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    Someone posted this training link on a previous thread. This is a 12 week training routine by Joe Friel. Find the level of tour that matches your Manchester 100 the best, and then find the program that matches you the best. Good luck, you have set a high goal.

    http://www.experienceplus.com/readin...es/000320.html

    Thanks to the original poster of this link.

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    I will probably stick to doing the 50, as so many of you have suggested that a 100 is an unrealistic target based on the amount of time I have to train (just under 5 weeks). I think I will do the 50 this year, which I will still need to train for, and build up to the 100 for next year. I just don't want to whimp out and walk away from such a challenge...

    My wife has told me I would be nuts to do the 100, as have a few mates who cycle regularly. I guess the replies to my thread have confirmed what they say.

    Thanks for the advice,
    Will

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    Ok, so I took on board what everyone said, thanks for the advice. I went to the gym tuesday, got on the bike and did 20 miles in 40 minutes. Today I plan to do 30, and get 35 in at the weekend. If I increase this every weekend by 10 miles, I will get to 65 miles three days before the event with a week in hand.

    I am not really out on my bike that much, I mainly am training in the gym. I push the intensity to level 3, on the bike at the gym, and I wondered if there are any hard and fast rules about this type of training? Is there an acceptable resistance when training on a bike at the gym?

    I have a Trek mountain bike, not modified or nuffink - will this be a problem?

    I eat pretty well, take in a lot of fruit and veg every day, drink plenty of water, and I dont smoke. I don't drink alcohol during the week. I take vitamin supps every day, and although I work shifts I get a regular sleep pattern.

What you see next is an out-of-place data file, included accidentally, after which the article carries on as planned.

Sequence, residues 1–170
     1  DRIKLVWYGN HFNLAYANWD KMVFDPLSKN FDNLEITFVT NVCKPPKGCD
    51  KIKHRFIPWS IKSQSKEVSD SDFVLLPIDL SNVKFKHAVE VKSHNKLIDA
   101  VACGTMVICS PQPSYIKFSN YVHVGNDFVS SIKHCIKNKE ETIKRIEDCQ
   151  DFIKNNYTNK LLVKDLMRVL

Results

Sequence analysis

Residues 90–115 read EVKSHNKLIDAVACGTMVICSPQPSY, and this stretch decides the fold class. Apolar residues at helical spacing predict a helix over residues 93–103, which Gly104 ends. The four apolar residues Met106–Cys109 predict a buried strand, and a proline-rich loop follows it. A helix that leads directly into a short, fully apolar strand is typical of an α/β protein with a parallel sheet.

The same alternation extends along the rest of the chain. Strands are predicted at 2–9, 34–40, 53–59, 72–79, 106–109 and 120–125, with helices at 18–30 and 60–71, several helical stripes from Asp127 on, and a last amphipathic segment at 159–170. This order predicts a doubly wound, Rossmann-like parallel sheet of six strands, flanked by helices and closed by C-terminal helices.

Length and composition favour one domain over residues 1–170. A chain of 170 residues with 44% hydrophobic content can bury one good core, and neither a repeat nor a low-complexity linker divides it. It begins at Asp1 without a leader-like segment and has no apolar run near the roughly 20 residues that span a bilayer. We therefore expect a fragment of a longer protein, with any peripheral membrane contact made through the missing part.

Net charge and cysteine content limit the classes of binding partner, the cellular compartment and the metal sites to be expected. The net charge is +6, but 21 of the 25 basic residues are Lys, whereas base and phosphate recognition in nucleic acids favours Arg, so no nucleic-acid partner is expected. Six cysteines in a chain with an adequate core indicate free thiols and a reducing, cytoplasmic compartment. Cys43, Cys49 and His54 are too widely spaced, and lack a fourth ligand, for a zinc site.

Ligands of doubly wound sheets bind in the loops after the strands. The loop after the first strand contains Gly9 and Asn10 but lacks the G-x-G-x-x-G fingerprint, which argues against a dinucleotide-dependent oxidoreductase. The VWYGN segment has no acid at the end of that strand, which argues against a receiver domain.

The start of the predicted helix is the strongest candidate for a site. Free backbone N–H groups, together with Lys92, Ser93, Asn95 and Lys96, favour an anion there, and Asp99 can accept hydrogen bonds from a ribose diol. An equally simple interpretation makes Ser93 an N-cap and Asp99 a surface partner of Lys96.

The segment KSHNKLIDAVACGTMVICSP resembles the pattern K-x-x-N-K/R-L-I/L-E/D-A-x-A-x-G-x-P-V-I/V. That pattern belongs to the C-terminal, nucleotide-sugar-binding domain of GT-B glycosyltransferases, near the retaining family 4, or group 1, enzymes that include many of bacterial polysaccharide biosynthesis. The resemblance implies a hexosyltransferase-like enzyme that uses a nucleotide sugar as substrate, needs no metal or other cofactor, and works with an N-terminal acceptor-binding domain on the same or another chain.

Bearing this in mind, what are my chances?????????

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    Senior Member va_cyclist's Avatar
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    I think you missed the point. Get off the stationary bike, and get out on the road. Stationary trainers aren't a substitute for roadwork. 20 miles in 40 minutes? That's a 30 mph average. Good luck doing that in the real world. Your stationary bike is lying to you. Sorry if this seems harsh, but you're training for a 100-mile ride on real roads, and you're doing everything but what you should be doing, which is riding a bike.

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    Given the time you have to train and what you are doing I would recommend going for the 50 miler this year and leave the big one as your goal for next year. I started doing 100km/63 mile rides last year (frequently called metrics) and the first one nearly did me in. I trained for 6 weeks starting from a base of being able to do about 40 kms and used the advice of only training to 75kms. I paid for it on race day as my back was killing me around the 85 to 90 km mark. I did the same race this year and finished more than half an hour faster and in far better condition. Sometimes what needs conditioning is not just your legs or your cardio capacity. If you can do 50 miles before the race you will be all set, but there is a big difference between 50 and 100.

    Good luck either way.
    He's not the messiah, he's a very naughty boy!

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    OK VA, fair play to ya. I appreciate the reality check. I need to get realistic about this - I need more time. I have worked out a route to work that will at least get me out on the bike more, but I still think that I should do the 50. I might look at joining a cycling club also, will be searching the forum for advice...

    Thanks again
    Will (embarrased newb)


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    Quote Originally Posted by va_cyclist